I promised something more light hearted. I keep this on my wall at home, where I work.
When I was younger I related to Calvin, now I empathise with his dad a bit more. This strip is one that stuck with me and feels pertinent when I think about work/life balance and remembering what is important.
I like teaching but do not like being a teacher. There is so much stuff that teachers have to do that is basically irrelevant to the education of children that it can overpower and overwhelm any joy you can get from seeing a child learn.
Teaching is an emotionally draining job and the children can be extraordinarily trying at times but the inherent value of the position is not beyond doubt. It is all the other stuff aside from that, that being a teacher entail that spoils it. Whether it is writing feedback and learning objectives that the children can’t read yet, ensuring that you only mark in a certain colour pen, having to spend so much time on data and data analysis to formulate action plans that you’re too stressed to implement effectively or just spend an entire weekend producing resources that fit the specific learning criteria you have to fulfil. It is just too much (for me at least) to continue doing.
I am fairly certain that never in the history of teaching as anyone ever said ‘I want to go into teaching because I want to spend all of my weekend collating data.’ And if they have, they probably shouldn’t be a teacher (even if they are suited to a large part of the job).
At the end of my 1, 2, 3, 4, 5 reasons for leaving teaching, it seems appropriate to return to our dear Sir Michael Wilshaw,. In lamenting the number of teachers who leave or moan about the profession, he says:
The increasing numbers of former bankers, lawyers and accountants applying to be trainee teachers suggests others have no difficulty in recognising teaching’s allure. It’s a pity that too many in the profession cannot do the same.
Does it not click that it’s the ‘many in the profession’ who have experienced the ‘allure’ and decided to leave that says there is something rotten in the state of Denmark? Should those voices not be louder than that of the ‘bankers, lawyers and accountants’?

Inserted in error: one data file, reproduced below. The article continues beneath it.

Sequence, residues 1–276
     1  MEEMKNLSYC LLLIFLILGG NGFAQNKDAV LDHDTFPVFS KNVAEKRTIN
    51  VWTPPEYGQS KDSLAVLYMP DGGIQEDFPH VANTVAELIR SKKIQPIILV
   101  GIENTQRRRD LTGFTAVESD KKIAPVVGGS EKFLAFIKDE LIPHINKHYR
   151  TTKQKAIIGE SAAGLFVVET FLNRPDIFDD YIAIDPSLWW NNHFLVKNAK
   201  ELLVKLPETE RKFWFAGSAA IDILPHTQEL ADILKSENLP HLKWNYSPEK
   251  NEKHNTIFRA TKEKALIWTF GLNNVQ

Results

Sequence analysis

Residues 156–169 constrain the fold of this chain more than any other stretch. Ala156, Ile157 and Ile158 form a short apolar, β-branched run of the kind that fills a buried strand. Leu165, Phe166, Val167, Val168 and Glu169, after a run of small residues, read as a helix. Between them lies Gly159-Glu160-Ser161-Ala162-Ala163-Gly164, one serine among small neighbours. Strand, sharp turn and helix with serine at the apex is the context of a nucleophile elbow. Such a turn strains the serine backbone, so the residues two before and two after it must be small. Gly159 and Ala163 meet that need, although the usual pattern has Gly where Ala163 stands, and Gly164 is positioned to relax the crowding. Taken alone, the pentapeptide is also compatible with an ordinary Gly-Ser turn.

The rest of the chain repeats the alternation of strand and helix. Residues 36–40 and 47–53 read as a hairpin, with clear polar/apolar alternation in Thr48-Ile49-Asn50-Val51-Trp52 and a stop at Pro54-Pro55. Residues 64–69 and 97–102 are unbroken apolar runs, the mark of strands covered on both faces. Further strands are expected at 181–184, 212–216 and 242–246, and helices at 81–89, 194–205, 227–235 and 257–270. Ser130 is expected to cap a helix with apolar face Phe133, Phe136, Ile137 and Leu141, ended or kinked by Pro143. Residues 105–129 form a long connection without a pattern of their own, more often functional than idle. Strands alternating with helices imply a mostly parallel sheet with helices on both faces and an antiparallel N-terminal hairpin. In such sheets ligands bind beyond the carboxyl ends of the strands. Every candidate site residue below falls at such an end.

Does any of this sound familiar? Please leave your thoughts in the comments.
Observation. Learning walk. Book scrutiny. Planning scrutiny. The words just send a shiver down my spine.
I understand and appreciate that it is part of the job and there has be a degree of accountability for teachers but in my current school every aspect of one’s teaching was put under microscopic analysis and dissected. This is understandable but problems and dissent arose when the criteria against which we were being judged would change, not only from month to month but week to week and even day to day. It became fairly difficult to keep up with what we were expected to do, seeing was what we were expected to do was constantly in a state of flux.
At the start of the year it was insisted that we focus strongly on continuous provision (primary speak for an ‘early years style’ approach), allowing children continual freeflow access to different areas of the curriculum. In one of my observations the feedback even included ‘ensure children have continual access to all areas of the curriculum’). A lot of energy was expended by the team working on the continual provision before it was decreed that we needed to take a more formal approach and essentially drop it (but still retain the look of it, in case OFSTED visit).
The whole school got hammered on progress demonstrated in the children’s books, so the suggested advice was that we focus on small, demonstrable steps of progress in the children’s work. Following this, one group did an activity where they cut and stuck labels for a non-fiction report. The following day they applied the skills to write their own labels. This may sound low level but was an achievement for the specific group and targeted perfectly for their ability level. The feedback was that the children were not showing enough progress in their work.
I was supported by a teacher from another school, to help me with my planning. As she was a good practitioner and my school were keen for me to learn from her and employ similar strategies with regards to pace, for example, I copied her planning structure and delivery, pretty much wholesale but still made it my own. The feedback from that observation was that the planning still required more detail and the delivery required more pace.
So, maybe I just sound like a ranting old moaner but as I experienced examples 2 & 3 (which came in very close succession) I came to realise that it was fairly clear that I was unable to provide school with, either what they want or what they need, mainly because they were not sure themselves.